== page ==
Standing on average three to six inches tall, these miniature treasures crafted by hand out of precious metals and jewels came to symbolize the last czars of Russia, Alexander III and Nicholas II and tell a story of the royal family. In Post - Soviet Russia the Faberge Eggs became a window into the story of the fall of the three hundred year royal dynasty. Until Peter Carl Faberge's miniature treasures attracted the eye of Czarina Maria Fedorovna, wife of the second - to - last czar, Alexander III, Russian jewelery was judged on carat size (bigger was always better). Faberge's pieces went against the trend, employing detailed handwork and (comparatively) subtle decoration. The Czarina loved his work so much that the Czar commissioned an egg from Faberge for the couple's twentieth anniversary. Hidden inside the egg was a gold chicken, crown, and a ruby egg, now lost. Maria Fedorovna was delighted with her present and until Alexander's death in October of 1894 at age forty - nine, Faberge made an egg for the royal family every Easter, which fell on the most important holiday in the Russian Orthodox church. When the inexperienced heir Nicholas II was crowned czar, the tradition changed - his widowed mother and his wife, Alexandra both received eggs. Each egg was unique and hand made, created to reflect the life of the royal family. Many eggs featured family portraits, sometimes of a particular person such as heir Alexei. All eggs had a hidden surprise such as a miniature replica of the royal family's private train or images of Czarina Alexandra's homeland in Germany. Faberge's attention to detail is still mind boggling - photos of the royal family's carriage made for an egg were used for reference when the original carriage was restored and the miniature train from another egg still runs today. While even the most expensive eggs cost under $10,000 the extravagance they symbolized upset the starving populace and came to represent the corruption and antiquated czarist rule. Nicholas II and Alexandra along side their four daughters and son preferred to live private lives, alienating them even more from their people which would prove all too disastrous. World War I was the straw that broke the camel's back - Nicholas II replaced a beloved general with himself even though he had no military genius and Alexandra became an object of ridicule among her own subjects when she and her daughters under went training to become nurses. Add that to the fact she was sister of Kaiser Wilhelm II of Germany who were Russia's enemies and the royal family's days were numbered.The last eggs made by Faberge were spartan - made of iron since gold and silver were scarce and lacking the intricate details of his normal work since most of his employees were on the battle field - their main attraction being the fold out picture of Alexandra and in descending age - Olga, Tatiana, Maria, and Anastasia - in their nurse uniforms. March 1918 marked the end of many traditions - the Romanovs were forced to abdicate, czar autocracy died, and the end of the Faberge eggs. Fifty eggs had been made - each different, all valuable, beyond their jewels.Dowager Czarina Maria Fedorovna escaped with a single egg to England. Many were lost, but the remaining eggs were sold by the Bolsheviks under $1,000 a piece. The Great Depression made selling the eggs more difficult and they made no where the value Faberge's son had appraised them to be. Faberge himself died in 1920 under exile in Sweden, supposedly from a broken heart as he saw the forthcoming destruction of his greatest works. It was lucky he never lived to see the fate of his masterpieces; sold for pennies, several eggs missing their surprises, or damaged. To the Bolsheviks the eggs represented all that was rotten with the Romanov dynasty. The sooner the eggs left Russia, the better. What could not be sold Lenin had boxed up, treated as garbage, not to be seen for years. Yet, this was not the end of the egg's bizarre history.Post - Soviet Russia now boosts the largest collection of Faberge Eggs in one place - 10; now seen as the artistic wonders they were, the eggs now sell for millions of dollars. Remaining eggs are scattered across the globe - Elizabeth II, Prince Rainier III of Monaco, and several self made American families (Post, Forbes, and so on) own eggs. Eight eggs, five of which are pre-1900, have disappeared from sight. The search for these missing wonders continues and maybe one day we can have all fifty eggs together, lined up and follow the story of the last two czars and their families. Faberge never recovered from the end of his celebrity for his lovingly crafted masterpieces. Now, he would be astonished to see his workmanship is what gives the Faberge Eggs their true value -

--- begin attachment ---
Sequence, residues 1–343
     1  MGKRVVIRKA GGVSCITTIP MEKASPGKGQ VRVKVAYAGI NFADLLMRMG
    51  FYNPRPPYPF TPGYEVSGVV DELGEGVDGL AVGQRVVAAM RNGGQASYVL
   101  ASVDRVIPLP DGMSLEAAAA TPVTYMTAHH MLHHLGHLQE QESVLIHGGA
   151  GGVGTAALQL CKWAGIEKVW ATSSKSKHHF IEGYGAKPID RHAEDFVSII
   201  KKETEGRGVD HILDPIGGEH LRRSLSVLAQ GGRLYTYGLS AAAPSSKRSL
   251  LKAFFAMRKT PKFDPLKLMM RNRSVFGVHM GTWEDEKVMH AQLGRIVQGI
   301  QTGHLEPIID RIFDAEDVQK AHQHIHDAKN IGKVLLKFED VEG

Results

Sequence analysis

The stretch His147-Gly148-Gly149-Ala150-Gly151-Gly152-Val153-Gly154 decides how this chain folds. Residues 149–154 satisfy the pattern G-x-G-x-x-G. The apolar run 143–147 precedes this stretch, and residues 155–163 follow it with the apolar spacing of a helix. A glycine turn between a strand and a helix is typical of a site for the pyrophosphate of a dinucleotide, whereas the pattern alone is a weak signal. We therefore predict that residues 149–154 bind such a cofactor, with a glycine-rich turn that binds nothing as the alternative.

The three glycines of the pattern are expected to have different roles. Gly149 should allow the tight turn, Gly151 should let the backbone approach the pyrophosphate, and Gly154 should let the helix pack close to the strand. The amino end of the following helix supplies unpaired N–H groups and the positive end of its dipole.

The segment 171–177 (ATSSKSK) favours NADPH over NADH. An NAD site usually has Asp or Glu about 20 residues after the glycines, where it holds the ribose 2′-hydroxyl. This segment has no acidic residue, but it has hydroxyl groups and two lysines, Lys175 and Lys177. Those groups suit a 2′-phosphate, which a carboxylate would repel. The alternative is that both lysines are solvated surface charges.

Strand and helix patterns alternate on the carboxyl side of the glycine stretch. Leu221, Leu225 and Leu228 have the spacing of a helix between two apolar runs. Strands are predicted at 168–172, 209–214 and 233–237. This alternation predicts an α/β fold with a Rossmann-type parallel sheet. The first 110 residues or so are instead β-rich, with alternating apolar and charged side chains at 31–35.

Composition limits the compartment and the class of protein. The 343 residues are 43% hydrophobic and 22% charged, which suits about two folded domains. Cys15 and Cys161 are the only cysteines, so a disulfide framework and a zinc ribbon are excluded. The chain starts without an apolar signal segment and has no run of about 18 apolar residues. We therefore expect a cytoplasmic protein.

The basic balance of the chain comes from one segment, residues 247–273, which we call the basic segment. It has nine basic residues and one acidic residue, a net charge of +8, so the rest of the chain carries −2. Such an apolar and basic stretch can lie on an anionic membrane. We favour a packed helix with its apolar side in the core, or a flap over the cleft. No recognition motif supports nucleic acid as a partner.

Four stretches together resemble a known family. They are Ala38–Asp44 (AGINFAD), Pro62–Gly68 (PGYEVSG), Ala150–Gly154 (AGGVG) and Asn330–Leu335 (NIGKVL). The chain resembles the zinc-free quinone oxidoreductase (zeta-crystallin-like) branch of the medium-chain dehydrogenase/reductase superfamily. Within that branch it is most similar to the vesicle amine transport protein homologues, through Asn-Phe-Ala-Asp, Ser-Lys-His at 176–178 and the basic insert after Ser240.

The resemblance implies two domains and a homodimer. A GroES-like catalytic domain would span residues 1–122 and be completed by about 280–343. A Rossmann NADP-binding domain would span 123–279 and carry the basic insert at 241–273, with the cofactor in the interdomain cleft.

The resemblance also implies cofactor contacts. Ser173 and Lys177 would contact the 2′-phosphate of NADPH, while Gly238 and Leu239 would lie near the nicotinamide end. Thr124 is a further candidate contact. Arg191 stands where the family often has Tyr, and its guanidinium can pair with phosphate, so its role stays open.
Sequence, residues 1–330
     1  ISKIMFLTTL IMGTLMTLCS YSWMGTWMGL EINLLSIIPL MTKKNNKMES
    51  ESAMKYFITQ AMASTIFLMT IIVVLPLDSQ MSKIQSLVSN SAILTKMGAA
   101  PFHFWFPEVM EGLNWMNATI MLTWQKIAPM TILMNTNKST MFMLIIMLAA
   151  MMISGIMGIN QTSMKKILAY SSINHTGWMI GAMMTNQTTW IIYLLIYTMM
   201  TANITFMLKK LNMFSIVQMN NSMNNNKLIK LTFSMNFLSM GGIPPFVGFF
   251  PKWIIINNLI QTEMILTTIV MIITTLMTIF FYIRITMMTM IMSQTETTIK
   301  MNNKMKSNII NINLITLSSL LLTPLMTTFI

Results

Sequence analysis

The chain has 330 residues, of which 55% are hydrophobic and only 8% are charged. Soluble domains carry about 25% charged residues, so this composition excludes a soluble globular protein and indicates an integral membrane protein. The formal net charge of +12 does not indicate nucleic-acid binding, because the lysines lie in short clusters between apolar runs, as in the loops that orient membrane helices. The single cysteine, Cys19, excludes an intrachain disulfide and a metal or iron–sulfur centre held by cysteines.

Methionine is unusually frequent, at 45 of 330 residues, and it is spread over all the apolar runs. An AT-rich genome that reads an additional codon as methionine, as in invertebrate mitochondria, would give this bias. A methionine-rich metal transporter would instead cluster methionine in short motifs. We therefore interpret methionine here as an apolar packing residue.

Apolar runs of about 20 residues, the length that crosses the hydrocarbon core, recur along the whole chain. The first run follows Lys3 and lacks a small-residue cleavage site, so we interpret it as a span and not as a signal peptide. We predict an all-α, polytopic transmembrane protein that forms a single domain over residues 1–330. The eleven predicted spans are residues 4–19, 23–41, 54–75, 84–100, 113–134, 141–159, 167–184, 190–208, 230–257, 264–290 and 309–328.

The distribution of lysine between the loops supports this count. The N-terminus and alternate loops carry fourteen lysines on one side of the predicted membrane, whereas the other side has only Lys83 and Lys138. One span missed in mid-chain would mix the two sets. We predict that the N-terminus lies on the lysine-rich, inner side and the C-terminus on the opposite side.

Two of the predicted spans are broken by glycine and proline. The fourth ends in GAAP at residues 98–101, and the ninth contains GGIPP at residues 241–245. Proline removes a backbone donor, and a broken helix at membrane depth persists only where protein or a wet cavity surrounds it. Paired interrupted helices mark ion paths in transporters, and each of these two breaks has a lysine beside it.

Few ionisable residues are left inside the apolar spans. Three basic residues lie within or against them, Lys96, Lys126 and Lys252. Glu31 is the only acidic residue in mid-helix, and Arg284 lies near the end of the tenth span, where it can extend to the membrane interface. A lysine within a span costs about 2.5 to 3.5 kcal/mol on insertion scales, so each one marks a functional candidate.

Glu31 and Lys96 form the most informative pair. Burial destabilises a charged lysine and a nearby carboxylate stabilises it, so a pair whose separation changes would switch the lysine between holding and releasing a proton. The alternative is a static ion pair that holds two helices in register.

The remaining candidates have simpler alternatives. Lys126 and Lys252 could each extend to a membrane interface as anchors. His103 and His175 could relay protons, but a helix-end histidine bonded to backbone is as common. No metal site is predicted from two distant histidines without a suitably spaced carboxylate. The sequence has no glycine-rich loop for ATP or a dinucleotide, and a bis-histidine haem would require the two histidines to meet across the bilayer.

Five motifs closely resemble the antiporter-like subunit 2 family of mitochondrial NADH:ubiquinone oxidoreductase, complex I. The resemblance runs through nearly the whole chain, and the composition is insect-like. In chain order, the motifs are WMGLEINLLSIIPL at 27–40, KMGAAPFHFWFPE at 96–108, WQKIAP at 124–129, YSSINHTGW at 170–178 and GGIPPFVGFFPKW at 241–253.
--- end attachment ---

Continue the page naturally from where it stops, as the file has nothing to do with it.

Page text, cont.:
"The intrinsic value of the egg is comparatively quite low," says Von Habsburg. "The Winter Egg consists of two blocks of rock crystal – a couple of thousand dollars – a bit of platinum and some three thousand minute rose cut diamonds – another couple of thousand dollars. So all in all, if you break this egg up, what is it worth? Four or five thousand dollars. What are you paying for? The vision and genius of Fabergé!"